Monday Links

Here are some of the stories and videos I’ve been reading, watching, and following over the weekend:

  • Christine Becker has a pointer to David Carr’s analysis of Jon Stewart and Stephen Colbert’s planned 10/30/10 rallies in Washington, DC.  Carr does a good job of tracing out the challenges that both comics face in transitioning from media satirists into something closer to genuine political figures.  Carr surmises that Colbert, who can continue to operate within his carefully-crafted persona, may have an easier time pulling off his “March to Keep Fear Alive.”  Meanwhile, the Christian Science Monitor asks whether the rally will have an effect on the election.
  • An interesting discussion in the Chronicle of Higher Education: several college and university libraries have decided to purchase Netflix subscriptions to make films available to students and faculty, and Netflix is crying foul, suggesting that the libraries’ subscriptions violate the user agreement.  I kind of like what the libraries are doing here.  Although I usually encourage my students to pay for a Netflix subscription as a cheap alternative for watching the assigned movies in my film course, I realize that not all of them an afford the extra monthly fee.  One cool alternative might be for Netflix (or some other service such as Mubi) to create institutional accounts that would allow libraries (or university film studies programs) to subscribe.  Seems like a good way to recruit future customers, as well.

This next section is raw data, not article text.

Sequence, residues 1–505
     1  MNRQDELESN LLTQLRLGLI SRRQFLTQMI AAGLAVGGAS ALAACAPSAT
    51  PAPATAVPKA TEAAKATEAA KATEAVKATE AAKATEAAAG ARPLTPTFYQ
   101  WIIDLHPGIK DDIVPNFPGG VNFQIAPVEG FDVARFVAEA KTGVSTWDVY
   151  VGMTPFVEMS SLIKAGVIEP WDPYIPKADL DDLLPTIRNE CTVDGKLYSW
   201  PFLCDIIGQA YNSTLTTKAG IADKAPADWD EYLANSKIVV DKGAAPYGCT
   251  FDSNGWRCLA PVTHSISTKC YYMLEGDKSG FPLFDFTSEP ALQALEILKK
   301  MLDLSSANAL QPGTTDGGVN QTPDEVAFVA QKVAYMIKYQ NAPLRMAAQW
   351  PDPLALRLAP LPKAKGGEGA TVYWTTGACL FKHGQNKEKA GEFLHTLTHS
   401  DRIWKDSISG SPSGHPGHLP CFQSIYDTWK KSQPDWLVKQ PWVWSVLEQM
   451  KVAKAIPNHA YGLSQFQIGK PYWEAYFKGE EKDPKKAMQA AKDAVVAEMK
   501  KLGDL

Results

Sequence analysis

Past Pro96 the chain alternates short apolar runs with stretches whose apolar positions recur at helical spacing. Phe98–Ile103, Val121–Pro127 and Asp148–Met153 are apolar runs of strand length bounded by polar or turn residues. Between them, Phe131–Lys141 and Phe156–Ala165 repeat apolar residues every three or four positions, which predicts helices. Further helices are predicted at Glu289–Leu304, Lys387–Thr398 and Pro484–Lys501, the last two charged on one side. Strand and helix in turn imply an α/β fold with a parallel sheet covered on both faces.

• There is a new issue of the open-access journal, Transformative Works and Cultures.  Check out the TWC blog for more details.  Especially relevant to my readers is a discussion of fan filmmaking in several of this issue’s articles.
  • Inside Redbox discusses details of an article that suggests that the kiosk company may not have streaming video on its horizons.  I wouldn’t be surprised if Redbox stayed out of streaming.  After all, there are so many other video rental services that already stream, and most of them have much deeper catalogs than Redbox; streaming seems like an unnecessary complication of their existing approach.  Just a hunch.

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